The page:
As farmers across the country impatiently wait for tariff aid payments to be made available, one analyst warns that they won’t solve the problem.
USDA released details of the Tariff Aid package early this week. Soybean, sorghum, wheat, corn, cotton, pork and dairy producers are eligible for payments that range from $1.65 per bu. to 1 cent per bu. on grains.
“It will help short term but it doesn't relieve the problem which we have physically got rid of the inventory,” Bob Utterback of Utterback Marketing told U.S. Farm Report Host Tyne Morgan. “Long-term this is a one-time shot and if it’s next year, what are we do? I think there's a lot of uncertainty about that. I would rather we got rid of the corn and beans somehow rather than giving the payment.”
Soybean farmers will be paid $1.65 on 50% of the production they can prove for 2018.
“That's the first payment. If you notice the fine print, it said there may be a second payment in December if USDA decides it’s necessary,” explains Alan Brugler of Brugler Marketing. “Which is a code word for saying ‘do we get trade agreements or other market adjustments before then and make it not necessary.’ They're borrowing the money from Treasury. They just as soon not spend it if they don't have to. Make no mistake, it's an income support. Not a price support.”
Utterback, does not expect the payments to change producer behavior.
“I think farmers will take the money, put the corn in the bin, beans in the bin and store it and hope for a weather scare event,” he said. “Same old behavior, and so, we're not getting rid of the structural problem of too much supply for the short-term demand. And if we don't have a trade explosion or a weather event of significant proportion, and we get the five to 7 million acres in corn, corn is going to be in the dumper next fall, so bad it will drive farmers out of production.”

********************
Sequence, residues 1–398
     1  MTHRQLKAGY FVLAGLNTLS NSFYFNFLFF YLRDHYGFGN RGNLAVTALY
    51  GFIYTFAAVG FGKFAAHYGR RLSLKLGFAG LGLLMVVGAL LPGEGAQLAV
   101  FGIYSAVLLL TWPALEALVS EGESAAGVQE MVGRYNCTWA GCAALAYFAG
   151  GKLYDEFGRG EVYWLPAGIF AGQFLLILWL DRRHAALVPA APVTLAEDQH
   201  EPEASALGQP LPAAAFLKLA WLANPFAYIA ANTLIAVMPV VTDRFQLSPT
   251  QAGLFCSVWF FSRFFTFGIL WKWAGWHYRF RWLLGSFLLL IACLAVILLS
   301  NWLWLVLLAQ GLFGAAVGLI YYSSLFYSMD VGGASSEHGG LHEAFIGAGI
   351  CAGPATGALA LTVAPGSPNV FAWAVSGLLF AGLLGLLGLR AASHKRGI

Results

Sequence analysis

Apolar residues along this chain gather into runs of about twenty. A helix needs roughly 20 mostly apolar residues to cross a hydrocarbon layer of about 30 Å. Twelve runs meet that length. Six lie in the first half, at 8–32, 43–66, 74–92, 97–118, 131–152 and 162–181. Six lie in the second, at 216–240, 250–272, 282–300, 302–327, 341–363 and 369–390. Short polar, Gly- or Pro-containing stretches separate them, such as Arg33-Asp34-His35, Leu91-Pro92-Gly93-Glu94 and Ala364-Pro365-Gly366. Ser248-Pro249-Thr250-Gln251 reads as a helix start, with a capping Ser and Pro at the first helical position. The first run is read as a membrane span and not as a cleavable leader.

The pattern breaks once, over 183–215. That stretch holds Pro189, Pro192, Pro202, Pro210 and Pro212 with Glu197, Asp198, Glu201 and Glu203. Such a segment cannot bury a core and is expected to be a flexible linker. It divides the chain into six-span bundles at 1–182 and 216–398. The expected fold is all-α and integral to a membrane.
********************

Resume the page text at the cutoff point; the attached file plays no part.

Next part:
According to Elaine Kub, author of Mastering The Grain Markets, it's going to be extremely difficult for farmers to plan for next year because of the trade situation.
“What are you going to book your seed sales at because you don't know whether there will be extra payments made or when the trade scenario will normalize it absolutely hamstrings any sort of planning,” she says.
Brugler advises farmers to look at their average annual price range.
“Expect that you're going to see that price move and sometime during the year, it will shift based on where the supply and demand goes,” he says. “That's the problem. The S&D tables are junk right now, because we don't know what the trade is going to be, right? But I also want to suggest you don't overemphasize the trade aspect, because the world is round. The supply doesn't leave the planet, neither does the demand.”
Brugler advises against over emphasizing the impact of the trade situation on actual consumption of grains.
“We're moving the beans, just not to China,” he added.